Speed limitations also have their caveats . When attempting to pass a slower vehicle it takes a lot more time . This causes traffic to accumulate and bottle up behind a speed limited vehicle and decreases road safety in the process . It also is extremely dangerous if while passing at a blocked speed on a highway ,ie: 65 mph and an unfortunate sudden blow out occurred on a steer tire . You need to have a little leeway and the capacity to increase your speed to regain control and steer prudently before allowing the vehicle to slow down .

    A fraction of a second is all it takes to take a life if the necessary tools are not available to avoid and or help avoid such an outcome . Speed limiters on heavy trucks on public roads are a safety hazard . That being said , a “driver” is a whole different story .

    In conlusion :

    -Carriers can decrease their operating ratio tremendously by hedging and trading . There’s no need to force others to reduce their speed through carrier lobbying trickery simply because “some” want to save on fuel the dinosaur way .

    -Let’s keep in mind that even though less dramatic , automobiles according to statistics get into collisions a lot more than heavy trucks do ,and more often than not automobiles are the cause when a collision occurs between an automobile and heavy truck .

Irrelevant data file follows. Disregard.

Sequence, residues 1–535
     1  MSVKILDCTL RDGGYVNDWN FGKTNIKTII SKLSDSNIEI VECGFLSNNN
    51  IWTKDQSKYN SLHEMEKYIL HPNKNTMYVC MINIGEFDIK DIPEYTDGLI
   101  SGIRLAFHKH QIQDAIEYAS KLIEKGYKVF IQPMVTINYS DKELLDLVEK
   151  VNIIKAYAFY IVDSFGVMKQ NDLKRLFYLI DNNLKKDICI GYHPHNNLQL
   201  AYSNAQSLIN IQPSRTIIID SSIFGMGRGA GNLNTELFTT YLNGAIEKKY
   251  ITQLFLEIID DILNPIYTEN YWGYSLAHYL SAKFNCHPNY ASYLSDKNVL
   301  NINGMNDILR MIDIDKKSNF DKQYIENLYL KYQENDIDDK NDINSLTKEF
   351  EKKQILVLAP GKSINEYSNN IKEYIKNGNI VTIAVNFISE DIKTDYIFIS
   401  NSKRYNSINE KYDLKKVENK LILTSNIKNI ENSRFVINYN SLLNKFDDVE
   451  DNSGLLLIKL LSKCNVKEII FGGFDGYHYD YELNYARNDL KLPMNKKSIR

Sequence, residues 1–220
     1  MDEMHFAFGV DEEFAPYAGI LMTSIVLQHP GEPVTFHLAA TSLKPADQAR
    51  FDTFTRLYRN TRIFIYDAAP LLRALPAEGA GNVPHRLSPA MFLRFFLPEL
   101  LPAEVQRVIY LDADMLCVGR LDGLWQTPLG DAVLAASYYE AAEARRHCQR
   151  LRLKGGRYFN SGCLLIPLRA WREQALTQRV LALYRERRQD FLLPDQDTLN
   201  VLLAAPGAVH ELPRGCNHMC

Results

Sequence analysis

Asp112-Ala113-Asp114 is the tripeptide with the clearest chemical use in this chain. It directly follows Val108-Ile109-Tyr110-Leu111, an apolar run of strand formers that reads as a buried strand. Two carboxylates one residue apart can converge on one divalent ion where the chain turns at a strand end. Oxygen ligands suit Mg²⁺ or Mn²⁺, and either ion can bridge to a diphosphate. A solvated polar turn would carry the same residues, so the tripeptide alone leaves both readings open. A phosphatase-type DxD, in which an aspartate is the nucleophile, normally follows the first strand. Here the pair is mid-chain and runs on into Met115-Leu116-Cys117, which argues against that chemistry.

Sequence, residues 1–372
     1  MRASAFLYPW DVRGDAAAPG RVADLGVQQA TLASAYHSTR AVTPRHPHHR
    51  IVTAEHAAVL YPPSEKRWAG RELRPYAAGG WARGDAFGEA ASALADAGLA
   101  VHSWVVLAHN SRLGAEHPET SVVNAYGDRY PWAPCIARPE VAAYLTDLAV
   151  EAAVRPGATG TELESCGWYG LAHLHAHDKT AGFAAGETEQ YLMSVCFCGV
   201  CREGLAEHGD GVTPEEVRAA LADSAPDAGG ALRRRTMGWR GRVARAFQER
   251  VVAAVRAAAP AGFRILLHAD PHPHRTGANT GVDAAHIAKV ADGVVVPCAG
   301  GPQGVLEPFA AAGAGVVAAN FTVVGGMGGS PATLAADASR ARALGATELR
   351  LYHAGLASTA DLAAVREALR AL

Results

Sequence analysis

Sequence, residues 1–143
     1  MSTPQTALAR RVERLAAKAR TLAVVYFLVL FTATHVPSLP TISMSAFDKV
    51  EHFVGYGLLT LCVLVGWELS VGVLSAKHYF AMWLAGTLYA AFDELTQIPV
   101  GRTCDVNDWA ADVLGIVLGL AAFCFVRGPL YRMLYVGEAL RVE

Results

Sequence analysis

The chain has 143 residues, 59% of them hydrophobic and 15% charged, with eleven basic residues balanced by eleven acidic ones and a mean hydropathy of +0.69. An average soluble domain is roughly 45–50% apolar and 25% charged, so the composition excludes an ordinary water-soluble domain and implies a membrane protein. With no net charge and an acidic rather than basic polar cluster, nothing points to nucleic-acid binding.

-Lastly , according to my example there are no more miles to add on to the 333 miles from point A to Point B and back(666 miles) to remain profitable , and reducing speed reduces the amount of loads achievable within daily HOS , and thus decreases profits by a lot more than the 10K saved for reducing speed and adding 92 miles per day on a yearly basis .

    Leave speed alone ,time and increase loads , hedge and trade instead to reduce operating ratio …….

    Aside from all the above , great article !

    In my humble opinion ………….

    1. Quote:
      “That means if we reduce the speed we will also reduce the amount of loads by one out of 10 average transported loads in that week according to the example above . ”

      Correction : -2 loads (1 roundhouse trip reduction = -666 miles ) = -$1,332 .00 x 50 weeks = -$66,600.00

      1. Show off ??? You must have misunderstood and thus misinterpreted .

        There’s nothing pretentious in my comment(s) . It’s simply knowledge , logic , and math applied within a certain realistic context .